The Role of Consumer Uncertainty in Trademark Law: An Experimental and Theoretical Investigation
Barton, Germano, Roy, and Sprigman.
From the abstract:
Nearly every important issue in trademark litigation turns on the question of what consumers in the marketplace subjectively believe to be true. To address this question, litigants frequently present consumer survey evidence, which can play a decisive role in driving the outcomes of disputes. But trademark survey evidence has proven to be highly controversial, not least because it is notoriously prone to expert manipulation. In this Article, we identify and present empirical evidence of a related, but more fundamental problem with trademark survey evidence: while all the leading survey formats in trademark law test for whether consumers hold a particular belief, they do not test for the strength or the varying degrees of certainty with which consumers hold that belief.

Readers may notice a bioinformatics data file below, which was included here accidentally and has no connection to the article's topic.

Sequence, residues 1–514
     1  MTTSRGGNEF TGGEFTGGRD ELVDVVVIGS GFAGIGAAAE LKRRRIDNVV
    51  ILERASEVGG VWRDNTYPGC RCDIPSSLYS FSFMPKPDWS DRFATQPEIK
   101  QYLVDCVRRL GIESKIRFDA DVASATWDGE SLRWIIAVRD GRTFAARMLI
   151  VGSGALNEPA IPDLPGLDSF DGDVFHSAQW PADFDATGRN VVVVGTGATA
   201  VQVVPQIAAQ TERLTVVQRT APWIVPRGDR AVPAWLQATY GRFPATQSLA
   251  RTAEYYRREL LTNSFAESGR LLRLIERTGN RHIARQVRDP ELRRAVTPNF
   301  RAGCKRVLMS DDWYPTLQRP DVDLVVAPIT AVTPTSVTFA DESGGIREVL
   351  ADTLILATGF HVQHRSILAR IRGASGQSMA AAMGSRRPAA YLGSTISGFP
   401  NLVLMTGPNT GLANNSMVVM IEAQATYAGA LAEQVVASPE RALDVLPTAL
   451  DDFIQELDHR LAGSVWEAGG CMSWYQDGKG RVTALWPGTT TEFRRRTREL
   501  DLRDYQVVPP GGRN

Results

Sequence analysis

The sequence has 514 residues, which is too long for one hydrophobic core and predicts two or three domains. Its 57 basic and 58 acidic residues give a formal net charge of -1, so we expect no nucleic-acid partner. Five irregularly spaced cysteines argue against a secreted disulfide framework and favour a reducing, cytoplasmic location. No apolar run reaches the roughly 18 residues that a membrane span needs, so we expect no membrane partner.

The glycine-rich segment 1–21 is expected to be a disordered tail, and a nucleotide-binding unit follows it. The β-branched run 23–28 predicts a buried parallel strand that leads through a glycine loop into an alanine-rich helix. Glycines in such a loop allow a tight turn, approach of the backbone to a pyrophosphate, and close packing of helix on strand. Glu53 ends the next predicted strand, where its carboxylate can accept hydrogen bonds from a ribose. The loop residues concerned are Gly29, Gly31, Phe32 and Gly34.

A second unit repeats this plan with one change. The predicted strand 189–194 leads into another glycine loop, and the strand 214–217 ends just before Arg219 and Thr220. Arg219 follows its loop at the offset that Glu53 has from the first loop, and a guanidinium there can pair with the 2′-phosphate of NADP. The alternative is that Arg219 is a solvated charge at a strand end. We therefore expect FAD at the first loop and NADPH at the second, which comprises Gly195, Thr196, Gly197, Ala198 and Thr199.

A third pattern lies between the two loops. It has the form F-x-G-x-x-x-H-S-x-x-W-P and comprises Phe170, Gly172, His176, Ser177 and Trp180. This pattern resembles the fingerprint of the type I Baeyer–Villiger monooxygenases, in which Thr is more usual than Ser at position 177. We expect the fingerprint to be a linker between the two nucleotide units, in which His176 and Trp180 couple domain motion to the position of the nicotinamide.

Beebe, Barton and Germano, Roy and Sprigman, Christopher Jon and Steckel, Joel, The Role of Consumer Uncertainty in Trademark Law: An Experimental and Theoretical Investigation (May 27, 2021). Available at SSRN